Property tax and NPPR limits explained

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LIMERICK auctioneers Property Partners got in touch to explain some further minutiae on the Local Property Tax coming in for July 1 for the latter six months of next year, and there after. He looks at the tax tiered thresholds to residential and investment properties, and what is liable for collection by Revenue Commission. According to Geoffrey de Courcy, the property charge will be 0.18 per cent on homes worth less than €1m and will be 0.25 per cent on homes worth more than €1m – but only on the element in excess of €1m.

If a home is worth less than €100,000 then the assessed value will be €50,000.
Above €100,000 there are bands of €50,000 and the assessed value will be the midpoint of the band. So if your home is worth €130,000 then the assessed value will be €125,000; if your home is worth €205,000 then the assessed value will be €225,000.
Remember that only 50 per cent of the property tax will be payable in 2013, given its introduction mid-year.
For those with a second property and presently paying the non principal private residence (NPPR) tax of €200, you will continue to pay that tax in 2013, in addition to the new charge of Local Property Tax (LPT) which is estimated to average €157 next year.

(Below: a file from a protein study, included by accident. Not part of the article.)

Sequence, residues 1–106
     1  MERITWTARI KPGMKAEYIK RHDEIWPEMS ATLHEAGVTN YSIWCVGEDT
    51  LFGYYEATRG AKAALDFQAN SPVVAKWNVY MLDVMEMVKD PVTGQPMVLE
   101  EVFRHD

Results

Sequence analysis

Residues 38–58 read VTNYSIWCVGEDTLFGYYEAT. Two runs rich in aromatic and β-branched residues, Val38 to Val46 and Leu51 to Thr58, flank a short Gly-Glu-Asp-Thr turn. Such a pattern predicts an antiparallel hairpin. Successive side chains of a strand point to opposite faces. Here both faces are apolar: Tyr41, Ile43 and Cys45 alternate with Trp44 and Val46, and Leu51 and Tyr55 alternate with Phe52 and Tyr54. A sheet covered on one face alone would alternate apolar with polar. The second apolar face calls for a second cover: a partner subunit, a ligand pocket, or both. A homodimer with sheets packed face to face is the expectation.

From January 2014 on, you will only need pay the property tax, with the NPPR abolished by then, on all residential properties owned.
However weighted the tax payer/ home owner may feel, Mr de Courcy feels it is the conservative lending policy exercised by finance houses that is scuppering growth: “While the measures to ease the way for people who are considering entering the residential market are welcome, the proverbial ‘elephant in the room’ remains – that is the lack of credit available to prospective purchasers. Property Partners members firmly believe that this is the biggest restriction to the recovery of the property sector and house prices.”
As mentioned on last week’s page, Real Estate Investment Trusts (REIT) will be introduced in 2013. REITs are managed property investment funds and allow ordinary investors to invest in property without investing large sums with tax incentives. “Typically, you buy a share in a property fund and then you get income on your share from rent and if property is sold at a profit. If you want out of the fund, you can sell your share. REITs have been promised since this administration came into office”.
Mr de Courcy comment on this move is: “Minister Michael Noonan’s decision to introduce REITs will provide liquidity to the market and allow investors to participate in areas of the property market that they would not traditionally have had the opportunity to enter at a time when property values are low.
“It is our belief that REITs will become more important due to the cap that has been placed on relief on pension contributions, enabling higher earners to divert potential ‘pension’ money into real assets such as real estate investment trusts.”